The Supreme Court will change the abortion law to make it the same for single women.

The Supreme Court will examine the Medical Termination of Pregnancy Act and related laws to see if unmarried women can be allowed to abort a 24-week pregnancy on medical advice . The parliamentary policy seems to be straightforward, since it has replaced husband with wife .

New Delhi: After finding that refusing an unmarried woman the right to safe abortion violates her personal autonomy, the Supreme Court will now examine the Medical Termination of Pregnancy (MTP) Act and the related laws to see if unmarried women can be allowed to abort a 24-week pregnancy on medical advice.The parliamentary policy seems to be straightforward, since it has replaced husband with wife.It shows that they have classified unmarried women as individuals who are allowed to terminate 24-week pregnancy, according to Justice Chandrachud.The bench said it needs to structure its conclusion in such a way that unmarried women are also allowed to terminate their 24-week pregnancy, as did divorced women, widows, or those in judicial separation.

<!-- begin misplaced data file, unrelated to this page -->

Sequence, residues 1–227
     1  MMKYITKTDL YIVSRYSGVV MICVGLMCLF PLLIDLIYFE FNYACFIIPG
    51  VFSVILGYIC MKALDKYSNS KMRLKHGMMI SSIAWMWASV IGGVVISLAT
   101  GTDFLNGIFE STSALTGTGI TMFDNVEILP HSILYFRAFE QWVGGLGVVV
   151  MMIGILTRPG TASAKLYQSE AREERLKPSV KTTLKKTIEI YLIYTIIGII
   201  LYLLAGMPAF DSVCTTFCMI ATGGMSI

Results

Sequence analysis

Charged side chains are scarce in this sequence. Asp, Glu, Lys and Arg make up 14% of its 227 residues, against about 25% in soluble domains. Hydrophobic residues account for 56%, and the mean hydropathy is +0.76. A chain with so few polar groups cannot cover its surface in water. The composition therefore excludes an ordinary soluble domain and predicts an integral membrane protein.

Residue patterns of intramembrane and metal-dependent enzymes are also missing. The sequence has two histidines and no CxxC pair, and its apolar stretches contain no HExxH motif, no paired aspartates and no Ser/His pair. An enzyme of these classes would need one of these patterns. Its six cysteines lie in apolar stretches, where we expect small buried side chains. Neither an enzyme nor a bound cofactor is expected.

Mr Bhati said that abortion at 24 weeks carries a significant risk and that it can even end the lives of the women, and that the bench asked her for advice on the matter.The MTP Act was extended to include unmarried women on July 21 and allowed the 25-year-old to abort her 24-week pregnancy arising out of a consensual marriage.This Court has acknowledged live-in relationships, and it said that the AIIMS, Delhi, had directed the director of the hospital to establish a medical board in accordance with the MTP Act's provisions, and that the petitioner should not be barred from receiving the benefit because she is an unmarried woman, according to the court.The petitioner also requested that the Court reconsider her decision by deciding that the statute's provisions, Explanation 1 to Section 3, apply to the main purpose and The Supreme Court argued that the delay in the judicial process did not lead to her dissatisfaction with the MTP Act of 2021, which included the substitution of the word husband with partner.Unfortunately, it noted that although Section 3 extends beyond traditional marriages, it considers other kinds of women, including divorced women, widows, children, mentally ill women, and survivors of sexual harassment or rape.